For $13,400, Is This Mustang A Maybe-Stang?

Do you remember the round-cornered scissors you were given in kindergarden, the ones that would snip but couldn't stab? Well, while today's Nice Price or Crack Pipe custom Mustang has been similarly blunted, it'll be up to you to determine if its price manages to make the cut.

Daaaaamn, haters, you're not giving anything a pass this week. I figured a clean E30 with the added advantage of all-wheel-drive would be like a lap dance from a be-thonged sexy unicorn, but a three-speed slusher doomed yesterday's 1989 BMW 325IX to a 78% Crack Pipe loss for both its price and its trouble.

Let's see if we can't cheer you up today.

For $13,400, Is This Mustang A Maybe-Stang?

The 1971 through '73 Mustang stands as the last version of the original Falcon-based platform, and is the largest and features the most exaggerated of that generation's pony car styling tropes.

But sometimes too much is never enough. This 1972 Mustang Fastback features that edition's iconic roofline, fender kick, and muscular hood, long enough for a whole gaggle of Tawny Kitaens to writhe upon.

That however, is all that is left of the original Mustang's styling on this custom pony, each end receiving a new and jarringly rounded cap in replacement of the traditional squared-off and ‘70s iconic originals.

For $13,400, Is This Mustang A Maybe-Stang?

As noted, the '72 ‘Stang was a pretty big car, and this one is so much so that it apparently is unable to fit within the confines of a single photograph. That means some of the details - like the source of those headlamp units or whether the grille opening in between them still possesses a galloping mascot - are left to the imagination.

No matter, as the seller does manage to lift up the ‘Stang's skirt and give us a peek at its unmentionables, which have been painted in a patriotic red white and blue. You know, come to think of it, a car's undercarriage gets the most and worst kind of road grime - including the final panic excreta of road kill - so maybe painting the gas tank and pumpkin to look like the stars and stripes isn't really all that patriotic but in truth more denigrating. I for one would not stand by and let the flag get shit-sprayed so the first thing I would do with this car is rattle can the hell out of those elements. Respectfully, of course.

For $13,400, Is This Mustang A Maybe-Stang?

The second thing I'd do is try and figure out how to get in the damn thing as the door handles have been shaved, leaving the portals seamless but requiring poppers to open. Hopefully the battery is strong. Next to that battery in the long-long nose is a tarted up V8 sporting a bizarre color scheme and a four-barrel carb. What's the displacement? Who knows, as the ad's not talking.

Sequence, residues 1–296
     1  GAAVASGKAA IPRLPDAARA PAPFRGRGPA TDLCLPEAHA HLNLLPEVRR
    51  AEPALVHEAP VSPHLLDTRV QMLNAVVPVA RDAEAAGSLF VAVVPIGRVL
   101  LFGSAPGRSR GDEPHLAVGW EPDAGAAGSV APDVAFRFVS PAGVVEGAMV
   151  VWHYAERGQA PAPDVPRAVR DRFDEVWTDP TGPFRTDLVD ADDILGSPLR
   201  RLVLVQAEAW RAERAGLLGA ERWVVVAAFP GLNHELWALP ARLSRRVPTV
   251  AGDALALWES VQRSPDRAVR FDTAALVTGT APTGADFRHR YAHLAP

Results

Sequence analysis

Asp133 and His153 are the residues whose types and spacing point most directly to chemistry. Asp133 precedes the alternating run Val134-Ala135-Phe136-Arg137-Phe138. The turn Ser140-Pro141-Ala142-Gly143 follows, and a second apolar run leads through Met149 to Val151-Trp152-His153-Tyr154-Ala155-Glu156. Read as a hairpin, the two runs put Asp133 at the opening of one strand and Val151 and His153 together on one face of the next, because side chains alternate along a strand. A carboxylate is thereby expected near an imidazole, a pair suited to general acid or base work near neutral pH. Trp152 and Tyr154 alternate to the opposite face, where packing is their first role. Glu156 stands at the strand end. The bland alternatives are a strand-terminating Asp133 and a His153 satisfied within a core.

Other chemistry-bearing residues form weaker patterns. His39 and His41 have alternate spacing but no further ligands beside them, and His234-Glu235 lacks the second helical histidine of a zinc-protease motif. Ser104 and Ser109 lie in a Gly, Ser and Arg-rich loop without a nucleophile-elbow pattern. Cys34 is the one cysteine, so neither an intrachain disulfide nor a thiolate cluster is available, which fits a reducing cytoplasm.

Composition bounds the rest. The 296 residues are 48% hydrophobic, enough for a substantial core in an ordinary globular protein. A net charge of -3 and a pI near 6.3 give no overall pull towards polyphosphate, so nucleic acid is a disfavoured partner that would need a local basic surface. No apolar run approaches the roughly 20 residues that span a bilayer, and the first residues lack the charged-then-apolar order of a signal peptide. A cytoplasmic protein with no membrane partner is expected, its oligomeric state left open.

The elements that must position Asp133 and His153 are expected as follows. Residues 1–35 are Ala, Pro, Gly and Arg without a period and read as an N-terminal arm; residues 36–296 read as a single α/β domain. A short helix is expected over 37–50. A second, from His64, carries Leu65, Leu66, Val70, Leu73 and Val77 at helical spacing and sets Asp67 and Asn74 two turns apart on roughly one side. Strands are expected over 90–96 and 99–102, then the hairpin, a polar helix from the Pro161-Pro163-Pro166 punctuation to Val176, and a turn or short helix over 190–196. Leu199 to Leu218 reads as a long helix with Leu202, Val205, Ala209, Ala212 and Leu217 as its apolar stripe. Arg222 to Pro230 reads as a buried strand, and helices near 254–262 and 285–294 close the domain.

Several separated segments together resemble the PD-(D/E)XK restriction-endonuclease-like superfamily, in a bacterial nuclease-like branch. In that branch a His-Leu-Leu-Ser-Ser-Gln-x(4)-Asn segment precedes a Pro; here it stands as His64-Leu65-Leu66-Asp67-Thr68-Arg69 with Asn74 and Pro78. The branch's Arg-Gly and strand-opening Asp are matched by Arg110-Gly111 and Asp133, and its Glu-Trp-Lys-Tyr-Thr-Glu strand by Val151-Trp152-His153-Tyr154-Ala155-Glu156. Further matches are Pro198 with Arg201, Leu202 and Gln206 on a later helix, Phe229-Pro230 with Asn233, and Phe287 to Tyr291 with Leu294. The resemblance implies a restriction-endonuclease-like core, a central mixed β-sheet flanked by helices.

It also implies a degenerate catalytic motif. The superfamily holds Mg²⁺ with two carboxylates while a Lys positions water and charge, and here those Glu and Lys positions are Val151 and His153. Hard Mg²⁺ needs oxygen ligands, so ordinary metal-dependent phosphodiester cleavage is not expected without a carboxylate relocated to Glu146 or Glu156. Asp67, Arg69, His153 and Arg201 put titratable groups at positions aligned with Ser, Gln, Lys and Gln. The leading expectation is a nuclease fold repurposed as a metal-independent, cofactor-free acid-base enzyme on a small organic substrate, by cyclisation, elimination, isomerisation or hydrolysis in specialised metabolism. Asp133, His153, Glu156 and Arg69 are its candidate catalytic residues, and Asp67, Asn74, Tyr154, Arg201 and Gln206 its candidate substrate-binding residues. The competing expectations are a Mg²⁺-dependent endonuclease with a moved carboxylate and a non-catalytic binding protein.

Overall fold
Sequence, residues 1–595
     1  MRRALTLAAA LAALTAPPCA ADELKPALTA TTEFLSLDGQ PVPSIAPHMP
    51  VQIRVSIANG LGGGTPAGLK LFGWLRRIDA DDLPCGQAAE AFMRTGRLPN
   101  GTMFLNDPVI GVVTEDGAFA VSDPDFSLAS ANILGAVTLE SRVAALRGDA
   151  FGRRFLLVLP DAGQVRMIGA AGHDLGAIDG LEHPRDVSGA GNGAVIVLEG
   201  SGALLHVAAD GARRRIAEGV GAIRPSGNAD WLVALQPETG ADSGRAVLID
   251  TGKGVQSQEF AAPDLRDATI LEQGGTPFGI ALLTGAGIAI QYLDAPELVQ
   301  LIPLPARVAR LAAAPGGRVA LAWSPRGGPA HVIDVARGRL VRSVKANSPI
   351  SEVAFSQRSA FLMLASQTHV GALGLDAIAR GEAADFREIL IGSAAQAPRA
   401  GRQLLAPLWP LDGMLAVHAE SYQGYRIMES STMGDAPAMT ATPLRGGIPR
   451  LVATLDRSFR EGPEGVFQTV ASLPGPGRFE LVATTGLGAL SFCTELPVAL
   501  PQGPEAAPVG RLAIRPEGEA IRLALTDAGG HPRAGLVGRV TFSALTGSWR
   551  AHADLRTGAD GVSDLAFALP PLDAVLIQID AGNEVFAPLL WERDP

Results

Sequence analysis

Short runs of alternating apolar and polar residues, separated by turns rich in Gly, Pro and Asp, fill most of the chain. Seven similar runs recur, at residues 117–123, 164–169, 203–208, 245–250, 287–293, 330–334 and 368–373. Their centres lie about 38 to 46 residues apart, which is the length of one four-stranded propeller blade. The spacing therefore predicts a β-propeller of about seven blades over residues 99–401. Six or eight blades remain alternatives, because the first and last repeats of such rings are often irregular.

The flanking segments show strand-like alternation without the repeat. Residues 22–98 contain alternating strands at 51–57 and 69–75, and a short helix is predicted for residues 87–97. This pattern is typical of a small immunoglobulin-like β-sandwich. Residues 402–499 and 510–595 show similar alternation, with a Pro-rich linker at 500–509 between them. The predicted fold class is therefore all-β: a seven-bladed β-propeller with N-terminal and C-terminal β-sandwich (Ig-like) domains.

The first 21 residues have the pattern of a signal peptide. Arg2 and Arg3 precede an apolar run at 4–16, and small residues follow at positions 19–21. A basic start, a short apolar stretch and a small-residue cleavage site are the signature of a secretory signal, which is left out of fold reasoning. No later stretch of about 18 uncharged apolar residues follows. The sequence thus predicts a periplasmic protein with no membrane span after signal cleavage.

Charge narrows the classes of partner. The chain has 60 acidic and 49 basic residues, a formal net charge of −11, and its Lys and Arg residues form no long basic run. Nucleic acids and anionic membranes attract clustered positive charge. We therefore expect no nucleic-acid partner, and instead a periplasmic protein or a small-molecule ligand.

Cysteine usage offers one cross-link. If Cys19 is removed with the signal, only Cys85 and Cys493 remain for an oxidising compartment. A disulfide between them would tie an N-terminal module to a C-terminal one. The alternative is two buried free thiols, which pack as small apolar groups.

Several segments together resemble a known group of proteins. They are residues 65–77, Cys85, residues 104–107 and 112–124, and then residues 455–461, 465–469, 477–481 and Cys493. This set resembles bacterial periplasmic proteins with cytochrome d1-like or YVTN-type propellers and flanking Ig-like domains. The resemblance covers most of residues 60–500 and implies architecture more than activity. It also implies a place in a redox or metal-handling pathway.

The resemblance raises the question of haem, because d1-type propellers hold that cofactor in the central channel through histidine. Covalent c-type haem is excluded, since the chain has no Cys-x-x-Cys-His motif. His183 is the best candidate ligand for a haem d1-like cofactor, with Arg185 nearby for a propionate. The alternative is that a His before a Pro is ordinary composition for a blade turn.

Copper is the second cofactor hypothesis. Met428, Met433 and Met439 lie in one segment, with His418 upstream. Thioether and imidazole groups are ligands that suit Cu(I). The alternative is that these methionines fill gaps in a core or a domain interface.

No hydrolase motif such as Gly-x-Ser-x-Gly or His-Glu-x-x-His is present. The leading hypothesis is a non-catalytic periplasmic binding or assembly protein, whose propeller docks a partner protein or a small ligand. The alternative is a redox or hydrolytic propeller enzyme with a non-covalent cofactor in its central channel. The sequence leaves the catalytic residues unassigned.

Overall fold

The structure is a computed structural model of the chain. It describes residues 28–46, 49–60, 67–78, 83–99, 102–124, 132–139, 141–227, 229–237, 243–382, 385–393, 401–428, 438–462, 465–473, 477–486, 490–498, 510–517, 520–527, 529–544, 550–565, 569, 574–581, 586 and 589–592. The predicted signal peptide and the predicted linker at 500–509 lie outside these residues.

The 1972 model year saw a significant contraction of available Mustang movers, casting aside both the BOSS 351 HO and 429 engines, and leaving just the 302 and less rabid 351 as V8 checkboxes on that year's options list. Suffice to say, this one likely puts out something in the neighborhood of 200-300 horses. Okay? Okay.

For $13,400, Is This Mustang A Maybe-Stang?

The circus-painted engine is backed up by a three-speed automatic (yeah, sorry ‘bout that) with Ford's standard for the era T-handle shifter, uniquely plopped down in an incongruous diamond plate base. Above that sits the optional guage package comprised of three dials and providing room in front of the driver for a tach. Everything else is standard Mustang vinyl everywhere and tower of power dashboard. A Grant 4-spoke does add a hint of Pep Boys to the mix.

The ad claims this car has but 8,000 miles on its clock, which would be amazing if true as who would so heaviliy customize so low mileage an example, no matter if these are some of the least desirable of first-wave Mustangs? Most likely that odo reading is taken from its rebirth as a one of a kind, take it or leave it Custom Mustang.

Considering its uniqueness and general appearance of condition, which seems pretty darn good, what do you think about that $13,400 price tage that the Calabasas CA dealer has set for this Arizona-located ‘Stang? Is that a price that should have buyers stampeding in hopes of purchase? Or, does that price make this a horse with little recourse?

You decide!

Hemmings or go here if the ad disappears.

H/T to MissedApproachMN for the hookup

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